They are friendly rivals. This statement is not true. Once kids enter PCHS, they are all Cougars. One thing you need to think of wishing for consolidation, one middle school means one team per sport. One teams means fewer players and less opportunities for kids to develop. It has always been a benefit to have two feeder schools into the high school. We are one of the last to have this benefit, so if this happens, expect big heartache when kids tryout for sports. In the end, high school teams will suffer in this aspect.

  3. Pulaski, mom, wife, daughter, sister

    September 11, 2013 at 10:24 pm

    New school, air condition in the schools, new teachers get rid of all the old perverted ones. Kids should be allowed to carry book bags. Iam 22. When I went to Pulaski middle school it was hell everything was hell. Now my sister has started 6th grade this year and all I could say was I feel so sorry for you, but stay strong cuz they tell you that they’re prepping u for high school when really high school is actually easier and you don’t do half the things they tell you your gonna do when your in middle school.

  4. Tony Hampton

    September 12, 2013 at 12:13 am

    I agree with Pulaski Mom 100%, those studies are just a waste of time. There is both Dublin & Pulaski Middle Schools inhabiting dangerous asbestos as well as mold. There are even steel beams placed on each end of the school preventing the buildings from caving in.

    Right now, is the perfect time to build a new school with a lower interest rate.


    September 12, 2013 at 12:29 am

    Totally disagree because of the costs involved. There has been no financial planning over the past 30 plus years to build a new school. So if they do this they will have to issue a bond referendum to raise funds then turn around and raise the taxes on the homeowners. No tax increase for renters, for they do not own the property therefore no taxes owed. We citizens cannot afford to continue to carry this burden of another new school funded from raising taxes. If a new school is needed, start saving now, cut some huge payrolls from the school board, and show some savings that will come from reduction of workforce by consolidation and synergies.

    • Pulaski Mom

      September 12, 2013 at 12:30 pm

      and where do you suggest that our children go to school once the schools are deemed unsafe to continue using? The problem was created many years ago, but now it is time to suck it up and think of the children of Pulaski County. I am a firm believer that good schools equal better employment. We can not change the fact that the ones making decisions long ago did not consider this. I am a home owner who pays taxes also and I am sick and tired of the reputation of school system has because of lack of common sense 30 years ago. We all need to think about the future of our county. It is just that simple.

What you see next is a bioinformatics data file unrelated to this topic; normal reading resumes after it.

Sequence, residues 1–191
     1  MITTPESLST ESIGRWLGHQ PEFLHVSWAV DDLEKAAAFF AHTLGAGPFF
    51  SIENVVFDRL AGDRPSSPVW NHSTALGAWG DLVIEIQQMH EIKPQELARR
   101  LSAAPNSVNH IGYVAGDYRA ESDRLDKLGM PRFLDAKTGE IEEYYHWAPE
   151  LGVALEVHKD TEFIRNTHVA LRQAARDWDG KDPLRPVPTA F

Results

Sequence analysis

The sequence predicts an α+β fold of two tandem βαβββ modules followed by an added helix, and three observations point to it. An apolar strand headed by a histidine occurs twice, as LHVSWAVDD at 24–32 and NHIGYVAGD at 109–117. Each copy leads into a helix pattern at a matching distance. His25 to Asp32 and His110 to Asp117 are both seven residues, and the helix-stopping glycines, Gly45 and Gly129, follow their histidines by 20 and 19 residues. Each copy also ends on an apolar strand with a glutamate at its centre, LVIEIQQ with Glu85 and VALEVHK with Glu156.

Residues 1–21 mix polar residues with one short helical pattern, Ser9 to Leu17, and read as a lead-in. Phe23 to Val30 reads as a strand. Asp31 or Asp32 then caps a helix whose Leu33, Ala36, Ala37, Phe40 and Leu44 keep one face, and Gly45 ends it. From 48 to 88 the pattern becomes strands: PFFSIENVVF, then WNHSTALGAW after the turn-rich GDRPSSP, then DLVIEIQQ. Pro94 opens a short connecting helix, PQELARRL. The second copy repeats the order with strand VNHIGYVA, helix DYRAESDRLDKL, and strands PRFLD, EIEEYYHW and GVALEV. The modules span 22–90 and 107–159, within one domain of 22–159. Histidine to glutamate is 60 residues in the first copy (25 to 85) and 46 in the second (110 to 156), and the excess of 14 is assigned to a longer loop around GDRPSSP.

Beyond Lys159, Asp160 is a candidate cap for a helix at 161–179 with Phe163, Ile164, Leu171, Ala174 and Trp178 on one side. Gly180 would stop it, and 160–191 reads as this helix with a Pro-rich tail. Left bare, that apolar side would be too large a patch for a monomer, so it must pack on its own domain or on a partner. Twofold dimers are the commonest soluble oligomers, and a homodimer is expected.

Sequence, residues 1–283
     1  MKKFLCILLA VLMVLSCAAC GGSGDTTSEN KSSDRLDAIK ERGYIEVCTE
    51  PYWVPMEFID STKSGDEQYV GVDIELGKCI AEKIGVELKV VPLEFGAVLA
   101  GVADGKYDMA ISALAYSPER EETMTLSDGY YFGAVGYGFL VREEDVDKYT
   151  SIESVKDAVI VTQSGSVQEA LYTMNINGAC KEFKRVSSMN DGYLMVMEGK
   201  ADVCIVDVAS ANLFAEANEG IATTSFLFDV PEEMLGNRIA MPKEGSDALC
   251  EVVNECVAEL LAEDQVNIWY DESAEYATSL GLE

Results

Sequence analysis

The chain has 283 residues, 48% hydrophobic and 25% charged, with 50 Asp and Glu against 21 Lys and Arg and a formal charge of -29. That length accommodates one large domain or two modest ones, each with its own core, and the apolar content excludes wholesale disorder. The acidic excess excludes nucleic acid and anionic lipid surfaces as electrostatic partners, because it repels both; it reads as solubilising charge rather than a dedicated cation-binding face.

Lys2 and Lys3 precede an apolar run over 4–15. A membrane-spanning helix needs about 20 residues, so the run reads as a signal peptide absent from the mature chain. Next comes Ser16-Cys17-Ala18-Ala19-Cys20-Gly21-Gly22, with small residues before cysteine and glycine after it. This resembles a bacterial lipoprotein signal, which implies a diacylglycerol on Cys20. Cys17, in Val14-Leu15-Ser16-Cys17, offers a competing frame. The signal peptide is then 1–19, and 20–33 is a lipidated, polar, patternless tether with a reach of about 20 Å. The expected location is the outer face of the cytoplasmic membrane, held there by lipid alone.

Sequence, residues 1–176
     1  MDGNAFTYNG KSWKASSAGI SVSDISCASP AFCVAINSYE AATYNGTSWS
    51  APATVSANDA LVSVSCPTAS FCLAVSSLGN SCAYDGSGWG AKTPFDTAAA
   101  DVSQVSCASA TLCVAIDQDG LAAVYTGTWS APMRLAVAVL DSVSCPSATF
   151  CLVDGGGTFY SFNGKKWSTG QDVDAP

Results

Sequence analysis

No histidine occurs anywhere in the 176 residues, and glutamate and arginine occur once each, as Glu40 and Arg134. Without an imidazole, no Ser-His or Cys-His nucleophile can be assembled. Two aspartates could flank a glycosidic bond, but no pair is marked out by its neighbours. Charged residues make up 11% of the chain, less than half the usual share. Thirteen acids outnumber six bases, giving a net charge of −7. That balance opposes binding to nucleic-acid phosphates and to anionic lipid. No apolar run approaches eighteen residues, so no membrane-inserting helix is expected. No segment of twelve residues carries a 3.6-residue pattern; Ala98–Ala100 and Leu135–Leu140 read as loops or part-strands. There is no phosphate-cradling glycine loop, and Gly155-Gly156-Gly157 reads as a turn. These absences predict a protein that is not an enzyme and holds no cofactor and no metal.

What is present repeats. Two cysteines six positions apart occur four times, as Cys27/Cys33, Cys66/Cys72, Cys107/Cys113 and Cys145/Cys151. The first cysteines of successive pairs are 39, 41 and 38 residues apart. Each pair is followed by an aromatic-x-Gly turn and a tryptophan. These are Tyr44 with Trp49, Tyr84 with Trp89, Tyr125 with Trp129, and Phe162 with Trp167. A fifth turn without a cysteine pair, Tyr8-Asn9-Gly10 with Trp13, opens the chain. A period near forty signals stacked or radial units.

6. Billy J

    September 12, 2013 at 5:05 pm

    No one has deemed the middle schools to be unsafe. Why is it that we seem to have to build a new school every 25-30 years when the school systems of Europe are still using buildings that are hundreds of years old? I don’t have a problem with raising my property taxes to pay for needed infrastructure, roads, bridges, etc., but it seems that education is just this massive black hole that sucks money out of every corner of the budget. Our population and school enrollment is declining, but our education budget never seems to decline at all, even a penny.

  7. NOT YET

    September 13, 2013 at 12:53 pm

    No the buildings have not been deemed unsafe YET! my mother who will be 76 years old went to Pulaski Middle School when it was opened as an elementary school and then proceeded to graduate there once they built on the gym and auditorium and made it Pulaski High School. The core of the building doesn’t have any structural damage (that we have been made aware of) but the additions do. Maybe that just shows that the construction of the additions were not done as well as the original building. They have the recommendations and they need to follow through with them since they paid the money for the survey. Poor leadership decisions of the past caused this problem, are we just going to let it continue?